When a new resident initially moves into the community, continuing care contracts often dictate that they must be able to live independently. In addition, many CCRCs demand a health examination of potential residents as part of the application process. In addition, the community’s new resident health requirements may exclude applicants who do not satisfy them, depriving them of the many advantages a CCRC has to offer, such as access to a full range of personal care services.
As we age, it’s harder to move, both physically and emotionally. The shift is typically more manageable for those who are younger (relatively speaking), physically fit, and in excellent health. Relocation stress syndrome (RSS), a disorder marked by symptoms including anxiety, confusion, and loneliness, may, nevertheless, be more likely to occur in older and more fragile individuals who move.
However, prospective residents are strongly advised to get legal counsel before committing due to the intricacy of CCRC contracts. “There are few kinds of regulatory protections that a prospective resident may turn to as assurance that a specific CCRC is everything that the marketing staff purports it to be,” says Jack Cumming, Director of Research for The National Continuing Care Resident’s Association. In order to get a sense of the community’s atmosphere, it is also advisable to stay there for a few nights as a visitor; most CCRCs provide this option, and many even encourage it.
There are three common types of contracts for CCRCs. First, all levels of care on-site will be covered as necessary under the Type A Contract, which is the “Gold Standard” and most expensive contract. The Type B Contract, a modified fee-for-service agreement, comprises a predetermined period of the covered or discounted rate, such as 30, 60, or 90 days. And a Type C Contract, which is a complete fee-for-service contract, often ensures access to future treatment, although at market rates as required. If a resident chooses to leave, a decreasing percentage of the admission fee is usually repaid over several years.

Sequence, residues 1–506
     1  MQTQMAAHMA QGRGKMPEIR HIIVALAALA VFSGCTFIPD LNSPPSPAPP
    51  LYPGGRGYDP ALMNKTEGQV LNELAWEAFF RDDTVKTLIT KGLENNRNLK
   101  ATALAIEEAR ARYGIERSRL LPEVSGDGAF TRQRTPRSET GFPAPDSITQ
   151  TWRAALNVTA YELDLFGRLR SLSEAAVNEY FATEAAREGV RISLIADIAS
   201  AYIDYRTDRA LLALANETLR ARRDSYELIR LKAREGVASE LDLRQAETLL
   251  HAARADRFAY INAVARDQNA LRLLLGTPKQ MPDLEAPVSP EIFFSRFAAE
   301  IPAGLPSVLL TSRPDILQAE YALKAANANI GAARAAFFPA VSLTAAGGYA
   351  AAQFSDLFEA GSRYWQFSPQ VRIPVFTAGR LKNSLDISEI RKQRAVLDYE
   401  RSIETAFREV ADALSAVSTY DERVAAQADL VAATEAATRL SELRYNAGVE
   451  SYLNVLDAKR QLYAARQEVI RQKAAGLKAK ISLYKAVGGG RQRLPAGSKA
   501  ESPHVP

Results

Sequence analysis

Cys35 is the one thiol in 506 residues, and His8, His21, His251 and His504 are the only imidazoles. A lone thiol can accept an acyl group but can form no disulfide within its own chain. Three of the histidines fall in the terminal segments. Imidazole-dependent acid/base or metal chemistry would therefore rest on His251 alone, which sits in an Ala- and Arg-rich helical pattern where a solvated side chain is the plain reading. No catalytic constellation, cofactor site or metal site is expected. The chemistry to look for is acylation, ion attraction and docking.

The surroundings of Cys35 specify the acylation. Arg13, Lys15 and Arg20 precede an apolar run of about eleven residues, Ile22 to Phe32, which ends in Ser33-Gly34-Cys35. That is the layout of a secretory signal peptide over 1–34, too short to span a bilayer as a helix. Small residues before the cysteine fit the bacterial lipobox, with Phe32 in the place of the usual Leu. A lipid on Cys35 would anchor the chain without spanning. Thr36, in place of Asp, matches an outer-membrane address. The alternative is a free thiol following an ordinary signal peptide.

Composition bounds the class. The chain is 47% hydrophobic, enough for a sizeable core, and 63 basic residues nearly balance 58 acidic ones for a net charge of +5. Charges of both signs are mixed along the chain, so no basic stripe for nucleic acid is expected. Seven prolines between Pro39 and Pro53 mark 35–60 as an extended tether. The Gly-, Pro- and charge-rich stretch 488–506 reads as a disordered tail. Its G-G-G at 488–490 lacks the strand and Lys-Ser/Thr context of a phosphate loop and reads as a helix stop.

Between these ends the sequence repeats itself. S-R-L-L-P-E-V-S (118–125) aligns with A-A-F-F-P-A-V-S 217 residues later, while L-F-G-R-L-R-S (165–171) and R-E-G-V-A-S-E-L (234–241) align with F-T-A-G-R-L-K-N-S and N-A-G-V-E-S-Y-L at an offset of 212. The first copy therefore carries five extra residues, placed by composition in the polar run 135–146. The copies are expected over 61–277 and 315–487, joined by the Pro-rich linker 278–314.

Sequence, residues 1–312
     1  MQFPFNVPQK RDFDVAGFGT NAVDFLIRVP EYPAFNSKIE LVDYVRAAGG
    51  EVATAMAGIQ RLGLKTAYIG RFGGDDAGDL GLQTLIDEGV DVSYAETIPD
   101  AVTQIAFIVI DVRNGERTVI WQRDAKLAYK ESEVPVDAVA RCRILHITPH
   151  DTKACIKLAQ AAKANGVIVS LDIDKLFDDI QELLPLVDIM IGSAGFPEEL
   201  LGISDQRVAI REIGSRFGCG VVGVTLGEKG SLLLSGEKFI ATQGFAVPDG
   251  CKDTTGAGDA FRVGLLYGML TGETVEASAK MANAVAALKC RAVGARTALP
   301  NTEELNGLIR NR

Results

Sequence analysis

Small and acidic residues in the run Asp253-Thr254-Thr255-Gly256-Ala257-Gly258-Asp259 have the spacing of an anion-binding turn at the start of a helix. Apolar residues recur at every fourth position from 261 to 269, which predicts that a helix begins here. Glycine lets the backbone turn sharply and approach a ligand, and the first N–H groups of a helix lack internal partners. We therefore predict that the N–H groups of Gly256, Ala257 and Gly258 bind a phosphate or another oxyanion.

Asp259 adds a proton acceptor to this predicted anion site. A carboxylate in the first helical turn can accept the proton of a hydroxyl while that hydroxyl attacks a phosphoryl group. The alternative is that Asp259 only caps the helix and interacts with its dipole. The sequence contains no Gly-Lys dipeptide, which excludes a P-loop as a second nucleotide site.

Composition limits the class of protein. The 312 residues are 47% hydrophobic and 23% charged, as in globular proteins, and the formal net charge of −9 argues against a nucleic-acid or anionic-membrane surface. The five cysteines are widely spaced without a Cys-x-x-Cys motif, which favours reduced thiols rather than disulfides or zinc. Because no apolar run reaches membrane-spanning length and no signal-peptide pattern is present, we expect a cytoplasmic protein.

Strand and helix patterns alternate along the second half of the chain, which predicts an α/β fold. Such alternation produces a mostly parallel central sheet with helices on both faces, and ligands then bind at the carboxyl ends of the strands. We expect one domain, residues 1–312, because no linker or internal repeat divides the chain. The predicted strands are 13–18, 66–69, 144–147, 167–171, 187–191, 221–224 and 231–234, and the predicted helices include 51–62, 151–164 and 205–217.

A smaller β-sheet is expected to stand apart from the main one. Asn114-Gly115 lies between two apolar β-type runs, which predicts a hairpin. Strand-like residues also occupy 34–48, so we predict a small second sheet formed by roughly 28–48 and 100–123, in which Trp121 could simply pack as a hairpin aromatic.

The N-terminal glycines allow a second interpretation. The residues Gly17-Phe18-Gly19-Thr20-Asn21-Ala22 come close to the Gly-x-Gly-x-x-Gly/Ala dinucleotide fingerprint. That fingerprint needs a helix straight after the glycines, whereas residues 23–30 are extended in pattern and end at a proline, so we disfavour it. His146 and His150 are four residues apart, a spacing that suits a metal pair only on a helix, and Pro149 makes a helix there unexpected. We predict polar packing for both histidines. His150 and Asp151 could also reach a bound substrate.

Both MyLifeSite.net, created by a financial adviser, and LeadingAge.org, the website of an advocacy group that represents more than 6,000 senior care non-profits, can help you find CCRCs. My book “Second Chance: Life inside a Continuing Care Retirement Community” (available online on Amazon) recounts my extensive in-residence research in a premier CCRC, primarily from the perspectives of its residents but also from the perspectives of the community’s management, medical staff, and caregivers. It offers an inside look at what day-to-day living in a CCRC actually is like. Moreover, you can also read my new book “Thursdays with Margaret,” which revolves around a 94-year-old lady living a life full of joy and optimism
despite having limited financial means and deteriorating health.
When is the ideal period to relocate to a CCRC? Your individual response to this question has to take a number of factors into account. In general, though, I would advise that if you have decided that a CCRC is the best senior living choice for you, it is wise to relocate while you are still in excellent health and have the physical and emotional endurance to make the adjustment and receive the luxury.